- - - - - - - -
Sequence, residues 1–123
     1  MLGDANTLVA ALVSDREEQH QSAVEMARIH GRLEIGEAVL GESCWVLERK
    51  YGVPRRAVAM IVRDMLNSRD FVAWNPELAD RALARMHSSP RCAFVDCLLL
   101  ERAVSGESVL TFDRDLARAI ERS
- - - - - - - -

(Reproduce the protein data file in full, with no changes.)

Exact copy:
Sequence, residues 1–123
     1  MLGDANTLVA ALVSDREEQH QSAVEMARIH GRLEIGEAVL GESCWVLERK
    51  YGVPRRAVAM IVRDMLNSRD FVAWNPELAD RALARMHSSP RCAFVDCLLL
   101  ERAVSGESVL TFDRDLARAI ERS